Monday, January 06, 2014

Markdowns, gluts, and technological innovation: features of illicit antiquities trading in Egypt today

Four important tidbits of information in this brief article:

First, "only stupid people get caught." Clearly this statement must be taken with a grain of salt, reflecting some bluster here on the part of the dealer (and in talking to the press at all the dealer is already showing some lack of discretion). On the other hand, that he feels he can get away with talking to the press -- and even allowing Al Arabiya to film his stock! -- shows how unafraid of getting caught dealers can be.

Second, the risk of getting caught and the consequent costs of selling clandestinely are carried by the seller: "The trader, who allowed Al Arabiya to film his stock of illegal artifacts on sale, said every smuggled artifact loses about 70 percent of its value" -- presumably compared to what it would be worth to the dealer if the artifact were licit. And yet even with this markdown the dealer still finds it worth selling.

Third, the illicit market continues to function, despite lower profitability, not just in normal times but in the special conditions of a glut caused by the breakdown of site security and consequent looting of Egyptian sites:  'An artifact like this one, which I sell now for $718 used to be worth $7186, and it wasn’t easy to find such a piece.'” Prices for illicit antiquities have dropped by 90% - and yet the dealer continues to deal. Presumably the illicit $7000 piece would have been worth $23000 if licit, so the collector now can buy for $700 a piece that might someday or even today if he/she can get away with selling it as licit be worth thirty times its purchase price.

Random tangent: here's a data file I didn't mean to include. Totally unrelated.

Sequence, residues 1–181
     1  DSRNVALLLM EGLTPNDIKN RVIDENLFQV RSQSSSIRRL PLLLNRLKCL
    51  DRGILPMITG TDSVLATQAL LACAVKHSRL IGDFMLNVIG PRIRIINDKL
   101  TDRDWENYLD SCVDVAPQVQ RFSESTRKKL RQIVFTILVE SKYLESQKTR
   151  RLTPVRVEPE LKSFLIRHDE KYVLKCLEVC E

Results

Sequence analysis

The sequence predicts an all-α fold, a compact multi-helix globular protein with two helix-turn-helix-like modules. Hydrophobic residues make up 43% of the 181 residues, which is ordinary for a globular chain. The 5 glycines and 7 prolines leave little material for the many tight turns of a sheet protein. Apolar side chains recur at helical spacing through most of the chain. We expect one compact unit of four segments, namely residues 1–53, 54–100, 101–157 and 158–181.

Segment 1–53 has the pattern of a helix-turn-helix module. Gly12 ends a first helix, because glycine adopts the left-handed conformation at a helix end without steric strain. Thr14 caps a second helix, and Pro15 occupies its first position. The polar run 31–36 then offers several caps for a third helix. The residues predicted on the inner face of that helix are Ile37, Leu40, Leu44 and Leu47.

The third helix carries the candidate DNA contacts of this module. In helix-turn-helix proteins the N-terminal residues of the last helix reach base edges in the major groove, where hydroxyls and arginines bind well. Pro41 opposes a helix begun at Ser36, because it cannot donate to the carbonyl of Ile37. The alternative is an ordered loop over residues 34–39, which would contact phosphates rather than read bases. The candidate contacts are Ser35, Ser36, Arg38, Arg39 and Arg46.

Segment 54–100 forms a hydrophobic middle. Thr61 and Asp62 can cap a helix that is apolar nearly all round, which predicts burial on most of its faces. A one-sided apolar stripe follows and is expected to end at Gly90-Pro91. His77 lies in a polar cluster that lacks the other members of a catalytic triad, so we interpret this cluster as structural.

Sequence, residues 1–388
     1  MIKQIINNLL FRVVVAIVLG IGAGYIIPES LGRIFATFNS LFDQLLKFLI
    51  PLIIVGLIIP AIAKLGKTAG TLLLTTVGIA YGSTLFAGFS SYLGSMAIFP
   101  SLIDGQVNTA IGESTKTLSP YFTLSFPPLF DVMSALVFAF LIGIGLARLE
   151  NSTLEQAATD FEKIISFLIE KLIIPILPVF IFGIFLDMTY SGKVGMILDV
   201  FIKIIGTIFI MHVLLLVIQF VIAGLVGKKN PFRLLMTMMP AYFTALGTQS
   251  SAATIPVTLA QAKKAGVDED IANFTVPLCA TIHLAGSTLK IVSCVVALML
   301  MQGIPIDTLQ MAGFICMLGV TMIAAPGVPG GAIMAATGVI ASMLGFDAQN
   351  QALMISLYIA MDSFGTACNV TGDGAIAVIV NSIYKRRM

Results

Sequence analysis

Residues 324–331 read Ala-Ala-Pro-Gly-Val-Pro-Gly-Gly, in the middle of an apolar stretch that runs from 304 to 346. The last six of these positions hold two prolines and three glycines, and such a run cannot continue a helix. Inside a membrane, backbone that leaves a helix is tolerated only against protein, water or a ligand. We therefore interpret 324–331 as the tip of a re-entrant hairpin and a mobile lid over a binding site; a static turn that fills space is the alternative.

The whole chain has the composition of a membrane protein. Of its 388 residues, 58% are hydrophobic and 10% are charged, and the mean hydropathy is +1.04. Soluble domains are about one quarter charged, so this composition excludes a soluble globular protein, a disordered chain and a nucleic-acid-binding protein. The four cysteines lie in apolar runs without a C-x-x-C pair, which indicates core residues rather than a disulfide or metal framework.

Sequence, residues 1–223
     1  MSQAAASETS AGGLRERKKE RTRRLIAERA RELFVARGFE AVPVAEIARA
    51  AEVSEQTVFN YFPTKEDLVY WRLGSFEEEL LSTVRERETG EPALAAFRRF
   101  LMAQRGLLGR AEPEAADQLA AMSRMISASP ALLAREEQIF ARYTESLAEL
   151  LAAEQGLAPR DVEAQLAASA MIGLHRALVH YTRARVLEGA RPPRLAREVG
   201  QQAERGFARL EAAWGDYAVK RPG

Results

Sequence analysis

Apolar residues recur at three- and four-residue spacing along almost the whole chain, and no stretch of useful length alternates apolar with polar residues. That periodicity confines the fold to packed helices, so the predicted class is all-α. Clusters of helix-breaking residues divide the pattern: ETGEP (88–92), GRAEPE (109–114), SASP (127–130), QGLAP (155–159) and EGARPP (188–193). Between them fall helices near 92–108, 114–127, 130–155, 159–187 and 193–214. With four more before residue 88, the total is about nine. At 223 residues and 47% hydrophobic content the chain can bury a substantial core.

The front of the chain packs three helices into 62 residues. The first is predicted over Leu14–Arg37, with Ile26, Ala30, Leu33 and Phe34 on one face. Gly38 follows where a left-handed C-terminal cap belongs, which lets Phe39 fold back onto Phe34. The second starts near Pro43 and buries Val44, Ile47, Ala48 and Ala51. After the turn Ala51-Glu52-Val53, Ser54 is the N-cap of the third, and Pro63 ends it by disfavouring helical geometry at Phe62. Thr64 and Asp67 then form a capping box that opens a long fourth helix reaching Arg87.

Fourth, the extraction of antiquities is becoming more efficient thanks (sic) to the adoption of advanced technology in the form of higher-quality metal detectors. Just to give some sense of how clear the industrial tie-in between antiquities looting in Egypt and this equipment, here's a screenshot of the site of the company selling the jeodetector:

Metal detecting is supposedly illegal in Egypt without a permit, by the way.

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